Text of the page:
NYCB reports 24 billion more losses as CEO resigns

NYCB reports $2.4 billion more losses as CEO resigns

New York Community Bank, the lender reeling from mounting real estate-related losses, shared several new pieces of bad news Thursday: Fourth-quarter losses were $2.4 billion higher than previously reported; its CEO and a board member allied with him are out; and the bank identified what it called “material weaknesses in internal controls.”

The extensive disclosures made in securities filings late Thursday were a troubling reminder of the price the bank is paying for a breakneck expansion strategy that included acquiring a troubled competitor less than a year ago. They sent the bank's already under-pressure shares into another nosedive, falling more than 20 percent in after-hours trading. The stock had already fallen by 54 percent this year.

The ugly developments were the last thing NYCB needed after weeks of trying to allay investor concerns about its financial health. Questions have been swirling for weeks about the extent of losses on investments and loans related to office and residential buildings – an area of ​​concern for banks in general but one that NYCB is particularly focused on.

Despite its name, the bank has a nationwide presence, thanks in part to its acquisition of much of Signature Bank, which collapsed during last year's banking crisis. Based on Long Island, NYCB operates more than 400 branches under brands such as Flagstar Bank throughout the Midwest and elsewhere. Flagstar is one of the nation's largest residential mortgage servicers. Therefore, the bank is particularly at risk at a time of persistently high interest rates when the real estate market weakens.

In January, NYCB shocked investors and competitors when it unexpectedly posted a fourth-quarter loss of $252 million, cut its dividend and set aside a significant amount of reserves to cover future losses. NYCB's disclosures on Thursday mean it took an additional $2.4 billion in impairment charges for the fourth quarter.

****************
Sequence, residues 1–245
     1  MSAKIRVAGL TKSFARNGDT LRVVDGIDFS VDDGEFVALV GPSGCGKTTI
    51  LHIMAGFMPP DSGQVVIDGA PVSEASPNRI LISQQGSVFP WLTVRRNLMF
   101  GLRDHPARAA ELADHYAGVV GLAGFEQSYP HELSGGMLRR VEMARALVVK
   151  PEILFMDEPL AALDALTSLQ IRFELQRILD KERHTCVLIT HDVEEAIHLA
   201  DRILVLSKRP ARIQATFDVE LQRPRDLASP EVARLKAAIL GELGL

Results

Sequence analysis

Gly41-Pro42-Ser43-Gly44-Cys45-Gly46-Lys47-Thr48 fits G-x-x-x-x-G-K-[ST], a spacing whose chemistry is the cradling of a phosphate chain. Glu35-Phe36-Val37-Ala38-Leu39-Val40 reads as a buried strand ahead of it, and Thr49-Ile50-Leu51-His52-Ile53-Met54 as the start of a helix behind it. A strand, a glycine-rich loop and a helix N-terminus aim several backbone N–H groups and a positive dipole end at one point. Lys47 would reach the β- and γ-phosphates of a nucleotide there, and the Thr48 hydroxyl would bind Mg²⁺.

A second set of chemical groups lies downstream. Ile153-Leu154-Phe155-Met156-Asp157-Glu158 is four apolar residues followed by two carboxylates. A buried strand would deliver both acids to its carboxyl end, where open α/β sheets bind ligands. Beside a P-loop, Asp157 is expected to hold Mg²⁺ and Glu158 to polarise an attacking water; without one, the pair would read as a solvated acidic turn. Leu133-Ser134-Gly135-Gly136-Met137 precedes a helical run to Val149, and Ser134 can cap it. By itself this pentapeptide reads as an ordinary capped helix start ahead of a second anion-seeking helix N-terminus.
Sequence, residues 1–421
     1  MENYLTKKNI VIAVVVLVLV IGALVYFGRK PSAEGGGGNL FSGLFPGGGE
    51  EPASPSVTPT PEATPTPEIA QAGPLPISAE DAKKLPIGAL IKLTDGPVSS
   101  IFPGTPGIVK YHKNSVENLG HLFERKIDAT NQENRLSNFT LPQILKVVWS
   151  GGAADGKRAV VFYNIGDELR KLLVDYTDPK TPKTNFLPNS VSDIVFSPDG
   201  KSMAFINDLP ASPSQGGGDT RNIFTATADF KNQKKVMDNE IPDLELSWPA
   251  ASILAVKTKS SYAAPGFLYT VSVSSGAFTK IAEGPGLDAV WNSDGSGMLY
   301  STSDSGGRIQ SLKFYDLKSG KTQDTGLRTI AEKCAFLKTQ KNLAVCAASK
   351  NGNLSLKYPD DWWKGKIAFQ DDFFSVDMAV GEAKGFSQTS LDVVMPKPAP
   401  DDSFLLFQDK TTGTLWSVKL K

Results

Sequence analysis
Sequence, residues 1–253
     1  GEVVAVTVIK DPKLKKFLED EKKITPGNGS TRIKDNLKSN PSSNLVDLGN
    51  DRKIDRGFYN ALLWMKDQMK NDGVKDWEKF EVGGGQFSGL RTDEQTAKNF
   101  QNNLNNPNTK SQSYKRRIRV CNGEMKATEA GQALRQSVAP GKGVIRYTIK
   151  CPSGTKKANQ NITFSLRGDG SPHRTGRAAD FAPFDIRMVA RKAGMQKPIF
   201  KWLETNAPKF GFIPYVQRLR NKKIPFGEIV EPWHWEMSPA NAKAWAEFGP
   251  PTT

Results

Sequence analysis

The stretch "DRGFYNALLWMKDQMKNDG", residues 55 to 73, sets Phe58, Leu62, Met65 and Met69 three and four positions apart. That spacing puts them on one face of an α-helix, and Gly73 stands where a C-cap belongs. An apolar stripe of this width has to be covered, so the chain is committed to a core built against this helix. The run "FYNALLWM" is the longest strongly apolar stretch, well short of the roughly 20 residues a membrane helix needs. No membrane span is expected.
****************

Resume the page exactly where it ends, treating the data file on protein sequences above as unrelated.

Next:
The bank's problems revive fears from a year ago about how small lenders will weather the sharp rise in interest rates since March 2022, although NYCB's disclosure last month did not trigger a widespread sell-off.

Last spring, financial problems at Silicon Valley Bank triggered an exodus of depositors that ended in collapse as customers withdrew their money. That spooked investors at other banks, many of whose deposits were not protected by the Federal Deposit Insurance Corporation, which insures accounts up to $250,000.

When the dust settled, three banks had failed, including First Republic Bank, which was the second-largest bank failure in the United States in terms of total assets. Silicon Valley Bank was sold to First Citizens Bank, Signature to NYCB and First Republic to JPMorgan Chase.

NYCB had $83 billion in deposits and more than $100 billion in total assets as of the month. The filing Thursday did not contain more recent numbers, and a spokeswoman did not respond to a request for comment.

The extent of the bank's problems – past and future – remains unclear. Its new disclosures said its “controls and procedures and internal control over financial reporting were not effective as of December 31, 2023,” and the bank promised future updates.

The bank's new chief executive, Alessandro DiNello, was named chief executive this month. Mr. DiNello, who led Flagstar before NYCB bought it in 2022, replaced Thomas R. Cangemi, who worked at the company for nearly three decades. At about the same time, a board member who did not support Mr. DiNello's appointment as board chairman resigned.